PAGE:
3. Unless you have a unique spin to put on a familiar passage from DEATH OF A SALESMAN or A STREETCAR NAMED DESIRE, you are probably better off choosing a lesser known play and/or monologue. You need to remember, after all, that directors have heard the same scenes a thousand times over. Try to dazzle them with something refreshingly different.
(1) do not put your hands in your pockets and (2) if they happen to wander there of their own nervous volition, do not have anything noisy in them like loose change or keys that could create a distraction.
Treat every audition like an actual show. Do your best performance when it’s your turn, and accord your competitors the same respectful attention they deserve when it’s their turn.
Criteria for Acceptance into Advanced Drama
In auditioning and interviewing potential students, the Drama Director looks especially for the following qualities:
* A serious commitment to an acting career in the professional theater.
* A potential for vital, individualistic, trainable growth—regarded as more important than the applicant’s present state of technical accomplishment.
* Energy, openness of mind, enthusiasm, and a readiness to take risks.
* A body, voice, and imaginative/emotional powers promising significant dramatic development.
* A potential for identification with the thought process of a text.
* A generosity of spirit essential to ensemble playing.
* A sense of humor, a sense of language, a sense of rhythm, and a capacity for sustained concentration.
* A readiness for hard, rigorous work.
If you find a great monologue in a book of monologues, find the play it is from and see if the same character has another monologue in the play. That way you’ve found a piece that isn't "over-used" and may be a monologue that auditors have not heard. Besides, you have to read the play anyway. You will find some really great monologues this way in a short period of time. Make sure that it is a monologue that you like. Nothing like going into an audition with material that you are uncomfortable performing. This is your audition. Choose your monologues well. These books are a great resource; so use them.
ON READING THE PLAY.
The auditors will know if you have done your homework, or not. If you go into that audition with just a few lines from some character in some play and they ask you about the play or the character in the play (and they will!) you will regret it. The auditors will probably not wrestle you to the ground and pummel you, even though you would deserve it. You probably will not be called back or be asked to join the program. Read the play and study your character.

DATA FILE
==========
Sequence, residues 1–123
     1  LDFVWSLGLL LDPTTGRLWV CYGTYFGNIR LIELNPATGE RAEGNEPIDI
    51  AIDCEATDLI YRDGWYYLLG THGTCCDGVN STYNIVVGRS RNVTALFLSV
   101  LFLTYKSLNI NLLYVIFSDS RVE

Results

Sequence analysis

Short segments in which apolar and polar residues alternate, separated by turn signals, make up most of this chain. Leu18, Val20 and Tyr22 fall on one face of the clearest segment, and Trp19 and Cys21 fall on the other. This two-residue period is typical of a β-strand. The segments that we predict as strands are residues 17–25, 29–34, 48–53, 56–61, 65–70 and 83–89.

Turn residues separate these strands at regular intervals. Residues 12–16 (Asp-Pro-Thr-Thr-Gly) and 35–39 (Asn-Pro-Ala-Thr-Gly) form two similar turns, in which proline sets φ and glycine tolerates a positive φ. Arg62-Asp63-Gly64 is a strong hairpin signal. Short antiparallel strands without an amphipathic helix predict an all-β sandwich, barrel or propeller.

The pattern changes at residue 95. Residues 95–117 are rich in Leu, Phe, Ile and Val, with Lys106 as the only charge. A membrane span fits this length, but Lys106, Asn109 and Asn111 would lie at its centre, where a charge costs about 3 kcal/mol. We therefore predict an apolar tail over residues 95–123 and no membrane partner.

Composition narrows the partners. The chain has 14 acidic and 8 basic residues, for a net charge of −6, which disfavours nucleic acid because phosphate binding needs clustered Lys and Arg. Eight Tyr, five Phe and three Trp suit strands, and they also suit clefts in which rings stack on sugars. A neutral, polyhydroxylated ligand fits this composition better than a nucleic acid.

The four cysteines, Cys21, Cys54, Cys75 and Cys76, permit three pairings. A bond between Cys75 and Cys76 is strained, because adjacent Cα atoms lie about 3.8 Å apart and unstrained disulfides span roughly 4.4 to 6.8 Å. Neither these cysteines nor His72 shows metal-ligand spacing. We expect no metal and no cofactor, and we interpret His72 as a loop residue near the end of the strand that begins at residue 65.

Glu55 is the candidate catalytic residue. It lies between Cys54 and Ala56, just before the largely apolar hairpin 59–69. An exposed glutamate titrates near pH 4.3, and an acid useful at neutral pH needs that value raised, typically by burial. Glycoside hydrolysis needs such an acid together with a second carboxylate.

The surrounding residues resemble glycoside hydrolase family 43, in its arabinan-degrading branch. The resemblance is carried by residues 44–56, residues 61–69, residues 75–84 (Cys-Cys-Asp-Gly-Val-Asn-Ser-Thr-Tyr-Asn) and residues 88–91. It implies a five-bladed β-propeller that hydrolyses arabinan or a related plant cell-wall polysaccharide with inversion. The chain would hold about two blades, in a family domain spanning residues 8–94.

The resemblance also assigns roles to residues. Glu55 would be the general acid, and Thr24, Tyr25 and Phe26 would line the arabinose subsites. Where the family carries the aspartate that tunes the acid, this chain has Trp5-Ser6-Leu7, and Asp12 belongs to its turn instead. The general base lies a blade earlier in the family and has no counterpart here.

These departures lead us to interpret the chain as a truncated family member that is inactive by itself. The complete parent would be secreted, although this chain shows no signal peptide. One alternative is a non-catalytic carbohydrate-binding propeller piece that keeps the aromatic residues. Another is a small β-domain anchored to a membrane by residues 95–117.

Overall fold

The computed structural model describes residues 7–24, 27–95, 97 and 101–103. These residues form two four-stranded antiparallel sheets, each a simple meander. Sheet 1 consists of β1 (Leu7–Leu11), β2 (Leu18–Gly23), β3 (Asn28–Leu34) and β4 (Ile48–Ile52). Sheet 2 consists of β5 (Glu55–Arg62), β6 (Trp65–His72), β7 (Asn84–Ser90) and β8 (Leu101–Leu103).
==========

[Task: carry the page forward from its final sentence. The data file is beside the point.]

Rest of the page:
Understand your character's focus. Monologues where the character is talking to another person are GREAT. Soliloquies, where the character is talking to themselves are more difficult when it comes to focus. Granted, Shakespeare wrote a lot of soliloquies - but they are pretty long. Better to choose a nice little speech that is part of classical dialogue rather than a long-winding introspective monologue.
FINDING THE MONOLOGUE
I have always found that the best monologues are those that actors find themselves - the best way to do this is to spend a few hours at the library or at a good theatre book store and breeze through plays looking for big chunks of text that can be pieced together to create a monologue or already are one - you want to find pieces that YOU are attracted to.
As far as contemporary monologues go - there are so many hundreds of plays - I wouldn't know where to begin - the best thing to do is to spend an hour or more at a good theatre book shop (Barnes & Noble is okay and will often have the newest or new plays + classics but stores like Powell's or Limelight Books in San Francisco or even your nearest public library will have MUCH more for you to look through). Pick up a play that has a title that interests you and breeze through it looking for something with a big chunk of text - then read a few lines of it - if it catches you - put it aside and find a few more - then take those plays you've selected and look at them more thoroughly. This is more time consuming then me suggesting a specific monologue, but you'll find it much more rewarding and you will find an intimate connection with the material that I can not give you.
As far as classical monologues go – the choice is up to you. Try to find a piece that is not over-used. Any play from the “high school must read cannon” is probably over-used. Romeo and Juliet, Hamlet, Macbeth, Julius Ceasar, and A Midsummer Night’s Dream. But there are plenty of other Shakespeare play to choose from and hundreds of non-Shakespeare plays that are also classical: Greeks, Romans, Calderon, deVega, Moliere, Racine, Voltaire, etc… Just make sure you understand the piece you find.
If you want to ask me what I think about a few choices - please don't hesitate to ask - I'd love to give you feedback on your ideas - meanwhile, make a choice!
Monologues to Run Screaming From
8 GOOD 20 line Shakespeare Monologues for Beginners